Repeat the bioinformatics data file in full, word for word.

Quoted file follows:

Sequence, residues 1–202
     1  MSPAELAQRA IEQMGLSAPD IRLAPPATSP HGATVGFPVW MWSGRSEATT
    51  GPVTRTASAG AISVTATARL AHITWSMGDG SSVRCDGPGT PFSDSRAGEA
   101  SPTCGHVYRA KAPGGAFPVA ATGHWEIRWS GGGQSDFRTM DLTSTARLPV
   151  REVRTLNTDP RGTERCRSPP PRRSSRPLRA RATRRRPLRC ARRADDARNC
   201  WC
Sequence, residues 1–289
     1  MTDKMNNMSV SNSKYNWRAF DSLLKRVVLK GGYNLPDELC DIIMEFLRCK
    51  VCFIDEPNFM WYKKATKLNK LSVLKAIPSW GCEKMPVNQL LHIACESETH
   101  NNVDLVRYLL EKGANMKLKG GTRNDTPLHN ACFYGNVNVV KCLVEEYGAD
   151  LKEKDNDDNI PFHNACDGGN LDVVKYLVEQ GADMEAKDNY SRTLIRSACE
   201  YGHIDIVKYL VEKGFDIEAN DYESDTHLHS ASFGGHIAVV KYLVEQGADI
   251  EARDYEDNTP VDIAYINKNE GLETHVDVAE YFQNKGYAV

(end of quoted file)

Sequence, residues 1–202
     1  MSPAELAQRA IEQMGLSAPD IRLAPPATSP HGATVGFPVW MWSGRSEATT
    51  GPVTRTASAG AISVTATARL AHITWSMGDG SSVRCDGPGT PFSDSRAGEA
   101  SPTCGHVYRA KAPGGAFPVA ATGHWEIRWS GGGQSDFRTM DLTSTARLPV
   151  REVRTLNTDP RGTERCRSPP PRRSSRPLRA RATRRRPLRC ARRADDARNC
   201  WC
Sequence, residues 1–289
     1  MTDKMNNMSV SNSKYNWRAF DSLLKRVVLK GGYNLPDELC DIIMEFLRCK
    51  VCFIDEPNFM WYKKATKLNK LSVLKAIPSW GCEKMPVNQL LHIACESETH
   101  NNVDLVRYLL EKGANMKLKG GTRNDTPLHN ACFYGNVNVV KCLVEEYGAD
   151  LKEKDNDDNI PFHNACDGGN LDVVKYLVEQ GADMEAKDNY SRTLIRSACE
   201  YGHIDIVKYL VEKGFDIEAN DYESDTHLHS ASFGGHIAVV KYLVEQGADI
   251  EARDYEDNTP VDIAYINKNE GLETHVDVAE YFQNKGYAV